Quadrupole Anisotropy in Dihadron Azimuthal Correlations in Central d plus Au Collisions at root s(NN)=200 GeV

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2013-11-20
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Adare, Andrew
Hill, John
Kempel, Todd
Lajoie, John
Lebedev, Alexandre
Pei, H.
Rosati, Marzia
Silva, C.
Wei, Feng
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Ogilvie, Craig
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Physics and Astronomy
Physics and astronomy are basic natural sciences which attempt to describe and provide an understanding of both our world and our universe. Physics serves as the underpinning of many different disciplines including the other natural sciences and technological areas.
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The PHENIX collaboration at the Relativistic Heavy Ion Collider (RHIC) reports measurements of azimuthal dihadron correlations near midrapidity in d + Au collisions at root s(NN) = 200 GeV. These measurements complement recent analyses by experiments at the Large Hadron Collider (LHC) involving central p + Pb collisions at root s(NN) = 5.02 TeV, which have indicated strong anisotropic long-range correlations in angular distributions of hadron pairs. The origin of these anisotropies is currently unknown. Various competing explanations include parton saturation and hydrodynamic flow. We observe qualitatively similar, but larger, anisotropies in d + Au collisions at RHIC compared to those seen in p + Pb collisions at the LHC. The larger extracted upsilon(2) values in d + Au are consistent with expectations from hydrodynamic calculations owing to the larger expected initial-state eccentricity compared with that from p + Pb collisions. When both are divided by an estimate of the initial-state eccentricity the scaled anisotropies follow a common trend with multiplicity that may extend to heavy ion data at RHIC and the LHC, where the anisotropies are widely thought to arise from hydrodynamic flow.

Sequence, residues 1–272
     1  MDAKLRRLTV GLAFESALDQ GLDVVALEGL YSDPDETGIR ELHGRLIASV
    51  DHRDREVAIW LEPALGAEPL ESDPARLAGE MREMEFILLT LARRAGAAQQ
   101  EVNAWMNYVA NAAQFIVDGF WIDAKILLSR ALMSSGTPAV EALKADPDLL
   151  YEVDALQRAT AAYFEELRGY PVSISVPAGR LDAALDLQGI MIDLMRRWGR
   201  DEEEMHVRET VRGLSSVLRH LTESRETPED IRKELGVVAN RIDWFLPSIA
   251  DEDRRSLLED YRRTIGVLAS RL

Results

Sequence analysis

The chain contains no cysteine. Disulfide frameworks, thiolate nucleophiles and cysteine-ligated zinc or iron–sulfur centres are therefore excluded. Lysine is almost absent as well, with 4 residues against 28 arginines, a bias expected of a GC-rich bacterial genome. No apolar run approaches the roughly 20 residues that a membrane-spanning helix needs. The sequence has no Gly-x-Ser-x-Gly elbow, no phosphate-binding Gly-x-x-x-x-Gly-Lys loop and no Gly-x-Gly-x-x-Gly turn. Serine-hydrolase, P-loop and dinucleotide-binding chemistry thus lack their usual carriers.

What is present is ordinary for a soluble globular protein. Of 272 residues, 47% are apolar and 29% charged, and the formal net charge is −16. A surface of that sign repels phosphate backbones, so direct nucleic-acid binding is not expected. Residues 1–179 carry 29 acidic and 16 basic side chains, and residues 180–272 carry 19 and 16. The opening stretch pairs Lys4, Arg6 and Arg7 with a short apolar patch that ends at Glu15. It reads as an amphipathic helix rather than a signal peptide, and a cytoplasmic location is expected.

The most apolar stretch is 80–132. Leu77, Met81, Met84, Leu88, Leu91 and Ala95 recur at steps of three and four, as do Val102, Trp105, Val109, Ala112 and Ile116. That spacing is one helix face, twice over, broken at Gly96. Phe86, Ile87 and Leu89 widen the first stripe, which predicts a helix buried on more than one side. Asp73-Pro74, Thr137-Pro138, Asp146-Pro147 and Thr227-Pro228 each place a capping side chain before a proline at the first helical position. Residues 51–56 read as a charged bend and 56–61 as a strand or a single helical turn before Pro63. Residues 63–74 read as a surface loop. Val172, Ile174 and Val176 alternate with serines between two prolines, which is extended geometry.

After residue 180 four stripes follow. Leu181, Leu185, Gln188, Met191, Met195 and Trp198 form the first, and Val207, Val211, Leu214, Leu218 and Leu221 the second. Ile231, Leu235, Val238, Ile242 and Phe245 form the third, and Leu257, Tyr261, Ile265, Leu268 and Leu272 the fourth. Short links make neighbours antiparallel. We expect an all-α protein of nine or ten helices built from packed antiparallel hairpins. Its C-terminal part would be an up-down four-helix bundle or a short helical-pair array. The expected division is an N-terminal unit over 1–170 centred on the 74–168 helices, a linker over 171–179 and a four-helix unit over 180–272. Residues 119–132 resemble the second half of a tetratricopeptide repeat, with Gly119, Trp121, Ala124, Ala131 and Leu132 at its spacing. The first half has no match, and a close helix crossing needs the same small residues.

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This is an article from Physical Review Letters 111 (2013): 212301-1, doi:10.1103/PhysRevLett.111.212301. Posted with permission.

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Tue Jan 01 00:00:00 UTC 2013
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